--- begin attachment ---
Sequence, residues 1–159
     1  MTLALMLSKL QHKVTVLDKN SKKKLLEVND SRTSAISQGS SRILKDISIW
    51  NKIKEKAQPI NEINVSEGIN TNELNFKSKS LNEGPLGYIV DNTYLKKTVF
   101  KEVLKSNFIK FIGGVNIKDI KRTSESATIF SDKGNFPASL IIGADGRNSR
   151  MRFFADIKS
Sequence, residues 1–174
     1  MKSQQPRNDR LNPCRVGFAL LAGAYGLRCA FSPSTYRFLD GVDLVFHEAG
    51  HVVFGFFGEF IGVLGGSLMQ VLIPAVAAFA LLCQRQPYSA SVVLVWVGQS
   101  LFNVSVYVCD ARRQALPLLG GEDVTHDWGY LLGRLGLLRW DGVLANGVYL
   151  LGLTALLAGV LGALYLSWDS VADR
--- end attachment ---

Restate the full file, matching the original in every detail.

Sequence, residues 1–159
     1  MTLALMLSKL QHKVTVLDKN SKKKLLEVND SRTSAISQGS SRILKDISIW
    51  NKIKEKAQPI NEINVSEGIN TNELNFKSKS LNEGPLGYIV DNTYLKKTVF
   101  KEVLKSNFIK FIGGVNIKDI KRTSESATIF SDKGNFPASL IIGADGRNSR
   151  MRFFADIKS
Sequence, residues 1–174
     1  MKSQQPRNDR LNPCRVGFAL LAGAYGLRCA FSPSTYRFLD GVDLVFHEAG
    51  HVVFGFFGEF IGVLGGSLMQ VLIPAVAAFA LLCQRQPYSA SVVLVWVGQS
   101  LFNVSVYVCD ARRQALPLLG GEDVTHDWGY LLGRLGLLRW DGVLANGVYL
   151  LGLTALLAGV LGALYLSWDS VADR